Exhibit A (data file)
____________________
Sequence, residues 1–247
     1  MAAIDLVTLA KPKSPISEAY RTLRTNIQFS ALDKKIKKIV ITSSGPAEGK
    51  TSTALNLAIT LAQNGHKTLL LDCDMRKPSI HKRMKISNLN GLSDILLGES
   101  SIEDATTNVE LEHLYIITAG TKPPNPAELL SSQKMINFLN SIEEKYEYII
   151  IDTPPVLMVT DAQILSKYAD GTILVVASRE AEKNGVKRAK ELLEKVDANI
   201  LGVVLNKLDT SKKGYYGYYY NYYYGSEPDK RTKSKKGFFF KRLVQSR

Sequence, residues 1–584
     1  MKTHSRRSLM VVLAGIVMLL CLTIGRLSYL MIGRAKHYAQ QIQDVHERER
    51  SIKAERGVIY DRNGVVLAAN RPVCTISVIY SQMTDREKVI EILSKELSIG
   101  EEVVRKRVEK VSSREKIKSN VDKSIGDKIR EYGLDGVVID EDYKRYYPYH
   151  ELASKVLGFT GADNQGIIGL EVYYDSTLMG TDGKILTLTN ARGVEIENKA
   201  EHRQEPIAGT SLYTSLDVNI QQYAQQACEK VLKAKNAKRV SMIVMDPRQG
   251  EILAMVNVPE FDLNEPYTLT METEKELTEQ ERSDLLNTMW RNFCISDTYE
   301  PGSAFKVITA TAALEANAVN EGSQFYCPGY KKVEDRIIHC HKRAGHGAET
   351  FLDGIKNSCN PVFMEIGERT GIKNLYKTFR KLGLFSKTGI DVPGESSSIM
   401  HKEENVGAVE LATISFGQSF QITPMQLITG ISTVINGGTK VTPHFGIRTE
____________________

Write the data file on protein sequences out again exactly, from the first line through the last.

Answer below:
Sequence, residues 1–247
     1  MAAIDLVTLA KPKSPISEAY RTLRTNIQFS ALDKKIKKIV ITSSGPAEGK
    51  TSTALNLAIT LAQNGHKTLL LDCDMRKPSI HKRMKISNLN GLSDILLGES
   101  SIEDATTNVE LEHLYIITAG TKPPNPAELL SSQKMINFLN SIEEKYEYII
   151  IDTPPVLMVT DAQILSKYAD GTILVVASRE AEKNGVKRAK ELLEKVDANI
   201  LGVVLNKLDT SKKGYYGYYY NYYYGSEPDK RTKSKKGFFF KRLVQSR

Sequence, residues 1–584
     1  MKTHSRRSLM VVLAGIVMLL CLTIGRLSYL MIGRAKHYAQ QIQDVHERER
    51  SIKAERGVIY DRNGVVLAAN RPVCTISVIY SQMTDREKVI EILSKELSIG
   101  EEVVRKRVEK VSSREKIKSN VDKSIGDKIR EYGLDGVVID EDYKRYYPYH
   151  ELASKVLGFT GADNQGIIGL EVYYDSTLMG TDGKILTLTN ARGVEIENKA
   201  EHRQEPIAGT SLYTSLDVNI QQYAQQACEK VLKAKNAKRV SMIVMDPRQG
   251  EILAMVNVPE FDLNEPYTLT METEKELTEQ ERSDLLNTMW RNFCISDTYE
   301  PGSAFKVITA TAALEANAVN EGSQFYCPGY KKVEDRIIHC HKRAGHGAET
   351  FLDGIKNSCN PVFMEIGERT GIKNLYKTFR KLGLFSKTGI DVPGESSSIM
   401  HKEENVGAVE LATISFGQSF QITPMQLITG ISTVINGGTK VTPHFGIRTE